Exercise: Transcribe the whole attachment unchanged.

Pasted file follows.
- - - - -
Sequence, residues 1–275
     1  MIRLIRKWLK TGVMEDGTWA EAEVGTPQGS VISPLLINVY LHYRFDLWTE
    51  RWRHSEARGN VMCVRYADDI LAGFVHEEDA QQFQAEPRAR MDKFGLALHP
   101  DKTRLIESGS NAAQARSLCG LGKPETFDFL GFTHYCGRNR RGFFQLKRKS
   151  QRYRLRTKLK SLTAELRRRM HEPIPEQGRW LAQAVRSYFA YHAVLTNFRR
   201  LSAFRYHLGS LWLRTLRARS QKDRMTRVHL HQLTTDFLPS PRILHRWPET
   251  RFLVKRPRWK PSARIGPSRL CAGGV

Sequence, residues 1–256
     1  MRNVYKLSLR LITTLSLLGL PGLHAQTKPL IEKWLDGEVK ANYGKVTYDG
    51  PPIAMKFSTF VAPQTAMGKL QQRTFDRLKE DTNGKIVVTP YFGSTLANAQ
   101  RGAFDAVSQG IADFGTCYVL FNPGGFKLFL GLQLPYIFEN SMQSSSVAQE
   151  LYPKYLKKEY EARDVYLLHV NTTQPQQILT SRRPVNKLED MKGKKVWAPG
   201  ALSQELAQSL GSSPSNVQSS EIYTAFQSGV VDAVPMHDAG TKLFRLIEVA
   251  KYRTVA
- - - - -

Sequence, residues 1–275
     1  MIRLIRKWLK TGVMEDGTWA EAEVGTPQGS VISPLLINVY LHYRFDLWTE
    51  RWRHSEARGN VMCVRYADDI LAGFVHEEDA QQFQAEPRAR MDKFGLALHP
   101  DKTRLIESGS NAAQARSLCG LGKPETFDFL GFTHYCGRNR RGFFQLKRKS
   151  QRYRLRTKLK SLTAELRRRM HEPIPEQGRW LAQAVRSYFA YHAVLTNFRR
   201  LSAFRYHLGS LWLRTLRARS QKDRMTRVHL HQLTTDFLPS PRILHRWPET
   251  RFLVKRPRWK PSARIGPSRL CAGGV

Sequence, residues 1–256
     1  MRNVYKLSLR LITTLSLLGL PGLHAQTKPL IEKWLDGEVK ANYGKVTYDG
    51  PPIAMKFSTF VAPQTAMGKL QQRTFDRLKE DTNGKIVVTP YFGSTLANAQ
   101  RGAFDAVSQG IADFGTCYVL FNPGGFKLFL GLQLPYIFEN SMQSSSVAQE
   151  LYPKYLKKEY EARDVYLLHV NTTQPQQILT SRRPVNKLED MKGKKVWAPG
   201  ALSQELAQSL GSSPSNVQSS EIYTAFQSGV VDAVPMHDAG TKLFRLIEVA
   251  KYRTVA